This letter was to make a statement to not only the federal government but to people like you who like to visit places like Moab that not all of Utah stands by the nuts in our state legislature and that we still want outdoor recreation protected.

    So go back to your 4x4 forum and remind them about other national monuments that have been protected for them such as the Grand Staircase, the entire Great Western Trial, and Hovenweep.

    What National Monument designation does is restrict and put under more public scrutiny and just makes it less of a free for all and protects citizens' rights to enjoy it without getting mashed to bits for resource extraction and the like.

  13. #13
    mtbr member
    Reputation: jmmorath's Avatar
    Join Date
    Sep 2008
    Posts
    1,085
    Oh yeah, by the way,

    Everyone who thought that this isn't an issue for mountain bikers or that no mountain bike companies were on that list, do yourself a favor and google "Quality Bicycle Products" which is a Utah based company that's on the list.

    Here. I'll do it for you Quality Bicycle Products: Bikes, Wholesale Bicycle Parts, Wholesale Bicycle distribution

    Camelbak and some bike guide companies are on there too, by the way.

  14. #14
    More Chasmism
    Reputation: hfly's Avatar
    Join Date
    Dec 2003
    Posts
    791
    A few points:

    (1) None of the established biking areas immediately around Moab are threatened by this designation, per my perusal of the map. I would peg the big losers as the moto-ers.

    (2) I don't support the designation, only because I feel it drives old and hackneyed wedges between user groups. That's like 1990s Moab: the jeepers vs. the bikers vs. the hikers vs the ????? in some zero sum game. The Moab of the last 5 years is a testament to the opposite of this: multiple use, managed well (I dare say, though few agree) by a chronically underfunded and under appreciated agency (BLM).

    (3) One fallacy runs rampant. Each user group thinks they uniquely drive Moab's economic engine. Truth is, you could take any of the individual groups away (even some of the biggies, like jeepers or bikers), and Moab would hurt, but it would go on. No one user group holds so much sway over the Moab economy so as to throw their perceived weight around so divisively What makes Moab work more than anything (IMHO) is the diversity of use.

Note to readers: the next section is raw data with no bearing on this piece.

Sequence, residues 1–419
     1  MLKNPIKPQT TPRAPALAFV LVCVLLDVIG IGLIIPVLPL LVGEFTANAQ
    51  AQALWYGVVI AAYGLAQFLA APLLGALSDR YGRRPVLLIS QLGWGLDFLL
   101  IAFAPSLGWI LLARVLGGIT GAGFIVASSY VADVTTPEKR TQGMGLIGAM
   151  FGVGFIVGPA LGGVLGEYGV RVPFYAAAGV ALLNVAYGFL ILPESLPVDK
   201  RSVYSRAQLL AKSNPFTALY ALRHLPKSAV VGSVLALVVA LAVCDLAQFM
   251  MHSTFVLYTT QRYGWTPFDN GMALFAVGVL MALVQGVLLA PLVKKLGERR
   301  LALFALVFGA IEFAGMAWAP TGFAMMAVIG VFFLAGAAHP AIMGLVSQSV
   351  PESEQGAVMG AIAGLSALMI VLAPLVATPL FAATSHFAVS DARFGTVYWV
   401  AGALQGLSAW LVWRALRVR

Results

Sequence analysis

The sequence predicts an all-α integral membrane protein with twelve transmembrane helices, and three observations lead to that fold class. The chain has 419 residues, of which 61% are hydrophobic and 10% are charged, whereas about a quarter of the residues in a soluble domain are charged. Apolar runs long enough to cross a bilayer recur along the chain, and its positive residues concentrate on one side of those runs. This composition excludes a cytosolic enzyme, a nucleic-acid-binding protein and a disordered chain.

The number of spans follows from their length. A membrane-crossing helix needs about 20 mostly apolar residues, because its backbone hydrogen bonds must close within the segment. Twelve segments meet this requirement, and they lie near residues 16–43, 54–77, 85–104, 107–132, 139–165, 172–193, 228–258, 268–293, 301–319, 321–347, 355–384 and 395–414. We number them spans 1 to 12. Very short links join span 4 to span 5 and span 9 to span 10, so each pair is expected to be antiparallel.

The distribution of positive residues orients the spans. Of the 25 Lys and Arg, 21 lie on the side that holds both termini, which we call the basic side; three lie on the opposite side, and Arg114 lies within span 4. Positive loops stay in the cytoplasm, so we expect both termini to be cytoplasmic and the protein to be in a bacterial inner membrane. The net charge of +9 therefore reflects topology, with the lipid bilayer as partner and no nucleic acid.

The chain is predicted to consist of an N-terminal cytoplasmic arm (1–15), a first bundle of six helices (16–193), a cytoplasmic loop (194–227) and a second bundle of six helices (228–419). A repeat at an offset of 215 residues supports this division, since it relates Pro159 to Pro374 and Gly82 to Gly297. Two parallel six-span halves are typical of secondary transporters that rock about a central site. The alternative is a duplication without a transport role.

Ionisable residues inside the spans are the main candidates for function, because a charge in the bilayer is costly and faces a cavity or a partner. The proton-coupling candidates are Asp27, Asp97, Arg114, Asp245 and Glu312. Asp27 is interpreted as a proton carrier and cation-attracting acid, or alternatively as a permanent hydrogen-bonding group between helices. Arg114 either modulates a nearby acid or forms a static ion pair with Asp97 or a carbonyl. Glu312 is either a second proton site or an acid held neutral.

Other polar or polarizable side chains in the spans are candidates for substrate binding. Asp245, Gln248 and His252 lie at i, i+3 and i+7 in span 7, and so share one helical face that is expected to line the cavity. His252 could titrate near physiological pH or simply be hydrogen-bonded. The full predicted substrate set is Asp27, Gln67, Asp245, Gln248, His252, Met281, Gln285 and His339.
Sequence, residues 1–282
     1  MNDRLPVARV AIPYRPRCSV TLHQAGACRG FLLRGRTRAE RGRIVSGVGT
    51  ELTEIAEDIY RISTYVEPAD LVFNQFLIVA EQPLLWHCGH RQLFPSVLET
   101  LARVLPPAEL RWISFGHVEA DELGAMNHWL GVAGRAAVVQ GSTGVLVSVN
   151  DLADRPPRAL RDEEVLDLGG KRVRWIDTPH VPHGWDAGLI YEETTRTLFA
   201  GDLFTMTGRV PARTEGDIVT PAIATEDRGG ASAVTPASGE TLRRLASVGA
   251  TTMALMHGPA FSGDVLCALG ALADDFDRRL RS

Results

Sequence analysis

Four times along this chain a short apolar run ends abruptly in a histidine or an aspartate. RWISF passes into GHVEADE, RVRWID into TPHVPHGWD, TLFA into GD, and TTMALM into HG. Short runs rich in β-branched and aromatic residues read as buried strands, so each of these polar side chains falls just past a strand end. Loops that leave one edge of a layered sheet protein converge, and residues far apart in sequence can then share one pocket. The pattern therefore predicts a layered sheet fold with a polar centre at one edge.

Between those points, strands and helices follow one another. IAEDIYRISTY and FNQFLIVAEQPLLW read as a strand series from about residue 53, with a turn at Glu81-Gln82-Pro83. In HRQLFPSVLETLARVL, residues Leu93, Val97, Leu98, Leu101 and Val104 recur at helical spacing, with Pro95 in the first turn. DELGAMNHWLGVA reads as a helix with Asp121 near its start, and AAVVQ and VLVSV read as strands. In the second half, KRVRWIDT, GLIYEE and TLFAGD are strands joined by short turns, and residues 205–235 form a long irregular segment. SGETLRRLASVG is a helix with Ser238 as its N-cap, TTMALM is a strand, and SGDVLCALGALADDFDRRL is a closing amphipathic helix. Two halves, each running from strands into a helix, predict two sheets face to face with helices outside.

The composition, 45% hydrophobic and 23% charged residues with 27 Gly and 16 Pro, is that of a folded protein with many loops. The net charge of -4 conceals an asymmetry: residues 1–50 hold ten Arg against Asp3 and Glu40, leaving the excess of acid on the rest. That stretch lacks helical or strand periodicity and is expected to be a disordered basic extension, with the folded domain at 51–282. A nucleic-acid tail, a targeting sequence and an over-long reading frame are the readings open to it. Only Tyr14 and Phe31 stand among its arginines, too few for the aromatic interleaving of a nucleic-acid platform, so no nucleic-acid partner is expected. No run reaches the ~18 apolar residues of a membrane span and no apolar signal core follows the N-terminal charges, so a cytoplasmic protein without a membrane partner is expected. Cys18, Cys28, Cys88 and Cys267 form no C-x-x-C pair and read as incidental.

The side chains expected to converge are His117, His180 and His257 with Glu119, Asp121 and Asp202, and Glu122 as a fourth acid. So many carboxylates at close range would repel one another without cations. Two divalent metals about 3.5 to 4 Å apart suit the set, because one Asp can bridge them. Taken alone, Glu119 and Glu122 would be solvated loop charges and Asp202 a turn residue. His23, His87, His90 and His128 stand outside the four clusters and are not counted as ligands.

(4) As a tax paying citizen of Grand County (and Moab City), my opinion on how to handle nearby federal land should matter exactly as much as that of any other citizen in the US, (even some dude in Jersey who doesn't know what Canyonlands is). As lidaman emphasized, it's FEDERAL land, and certainly no more my land than any other American's land.

    hfly
    Last edited by hfly; 11-20-2012 at 09:22 PM.

  15. #15
    mtbr member
    Reputation: J.B. Weld's Avatar
    Join Date
    Aug 2012
    Posts
    2,258
    Quote Originally Posted by Fast Eddy View Post
    Once the enviro-nazis get on a roll, who do you think will be next?

    Nazis were an overwhelming force that tortured and murdered human beings.

    Environmentalists are a minority group who champion for clean air, clean water, native plant and animal habitat, and open space.

    Name calling in general is pretty low brow, but comparisons like this are uncalled for IMO.

  16. #16
    Go make a difference
    Reputation: k2biker's Avatar
    Join Date
    Jan 2004
    Posts
    1,236
    Quote Originally Posted by Fast Eddy View Post
    Read the list of supporters of the letter. There's no MTB companies on it.